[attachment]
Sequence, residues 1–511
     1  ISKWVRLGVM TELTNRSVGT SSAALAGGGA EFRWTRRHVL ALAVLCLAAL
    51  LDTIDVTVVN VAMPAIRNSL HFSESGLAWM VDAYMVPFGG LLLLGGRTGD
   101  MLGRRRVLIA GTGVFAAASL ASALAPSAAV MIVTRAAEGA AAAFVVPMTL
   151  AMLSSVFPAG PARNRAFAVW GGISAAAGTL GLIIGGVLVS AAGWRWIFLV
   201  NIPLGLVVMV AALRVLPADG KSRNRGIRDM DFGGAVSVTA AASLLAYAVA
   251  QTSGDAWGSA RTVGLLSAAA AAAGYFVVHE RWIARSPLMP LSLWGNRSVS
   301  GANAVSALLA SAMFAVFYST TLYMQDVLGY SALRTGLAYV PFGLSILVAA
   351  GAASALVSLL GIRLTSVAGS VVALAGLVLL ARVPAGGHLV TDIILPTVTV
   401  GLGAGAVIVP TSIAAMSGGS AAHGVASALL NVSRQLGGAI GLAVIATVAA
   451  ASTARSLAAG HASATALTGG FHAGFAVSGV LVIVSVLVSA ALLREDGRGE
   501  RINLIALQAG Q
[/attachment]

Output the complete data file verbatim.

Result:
Sequence, residues 1–511
     1  ISKWVRLGVM TELTNRSVGT SSAALAGGGA EFRWTRRHVL ALAVLCLAAL
    51  LDTIDVTVVN VAMPAIRNSL HFSESGLAWM VDAYMVPFGG LLLLGGRTGD
   101  MLGRRRVLIA GTGVFAAASL ASALAPSAAV MIVTRAAEGA AAAFVVPMTL
   151  AMLSSVFPAG PARNRAFAVW GGISAAAGTL GLIIGGVLVS AAGWRWIFLV
   201  NIPLGLVVMV AALRVLPADG KSRNRGIRDM DFGGAVSVTA AASLLAYAVA
   251  QTSGDAWGSA RTVGLLSAAA AAAGYFVVHE RWIARSPLMP LSLWGNRSVS
   301  GANAVSALLA SAMFAVFYST TLYMQDVLGY SALRTGLAYV PFGLSILVAA
   351  GAASALVSLL GIRLTSVAGS VVALAGLVLL ARVPAGGHLV TDIILPTVTV
   401  GLGAGAVIVP TSIAAMSGGS AAHGVASALL NVSRQLGGAI GLAVIATVAA
   451  ASTARSLAAG HASATALTGG FHAGFAVSGV LVIVSVLVSA ALLREDGRGE
   501  RINLIALQAG Q